BDO has posted the first set of results since the merger with mid-tier firm PKF earlier this year, highlighting substantial organic and post-merger growth as fee income grew 10% year on year.
The number six firm in the UK saw fee income increase 9.3% to £312m in 2012-13, up £29m on the previous year, on the back of strong growth in international work, complex advisory projects for multinational brands and specialist tax areas, such as expatriate and private clients.
The figures for 2012-13 include nine months of BDO LLP's financials and three months of the combined firms post-merger based on a 5 July year end.
Reflecting an upturn in business confidence, BDO also reported underlying operating profit increased by 6% to £55m, up from £53.1m. Average profit per equity partner remained flat in line with last year at £240,000. The firm currently has 300 partners, up by 100 since the PKF merger.
Simon Michaels, senior managing partner at BDO said: 'Client stickiness has been very good post-merger. The majority of growth in the UK has been due to the merger and increased organic growth. Financial services and advisory have been strong growth areas, as are specialist tax and international work.'
The strongest growth area in the UK was advisory services, up 8% to £115m, while the audit income was up 16% to £111m due to a number of cross-border, international audit wins and client acquisition attributable to the merger.
The growth has been down to a number of factors, says Michaels. 'There is definitely a combination of the economy and changes in the mid-tier firms which means that some organisations are thinking of changing providers. Our Scottish office, for example, has had 60 new business opportunities in the last five months.'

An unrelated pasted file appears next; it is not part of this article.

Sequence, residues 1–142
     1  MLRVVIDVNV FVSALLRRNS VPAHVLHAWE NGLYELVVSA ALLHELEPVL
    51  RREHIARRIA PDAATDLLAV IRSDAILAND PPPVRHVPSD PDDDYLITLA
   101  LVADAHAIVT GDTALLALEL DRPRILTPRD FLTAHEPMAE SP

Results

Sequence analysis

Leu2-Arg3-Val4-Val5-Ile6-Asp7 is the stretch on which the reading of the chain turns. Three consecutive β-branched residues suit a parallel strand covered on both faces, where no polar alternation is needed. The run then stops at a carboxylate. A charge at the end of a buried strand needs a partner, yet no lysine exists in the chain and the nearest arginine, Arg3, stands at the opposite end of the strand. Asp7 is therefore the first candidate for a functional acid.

The changes to the audit market from the UK and Europe are also having an impact. 'The Competition Commission will continue to open up the audit market. Competition is going to be as fierce as it has been over recent years. We don't see that changing - the Big Four will still be very active.
'But we have a growing market share in AIM audits and will continue raising our profile in this sector supported by investment at the firm. What is important is the quality of audit and, although there is going to be an increased cost of going through the audit tendering process, the increased cost is something that we are ready for. '
Total headcount at the firm is 3,500, including 350 partners, up from 2,300 total staff at the time of the merger, which did not result in significant staff losses, particularly of client facing staff.
Michaels said: 'A lot of the increase in headcount is because of the merger - we are seeing more opportunities and more organic growth.
'Both organisations had similar values and a sense of partnership - there has been a great deal of change for people and we have spent a lot of time engaging with staff. In the last two months I have been going around the country visiting our offices and have held 35 sessions for 2,000 people to give them a clear understanding of our strategy.
'Staff attrition rates have been low and we are planning to hire more staff in the next year. The trick is to grow the firm and hire the right people. But there is a lot of competition for talent as business recovers and we have a really high quality threshold.'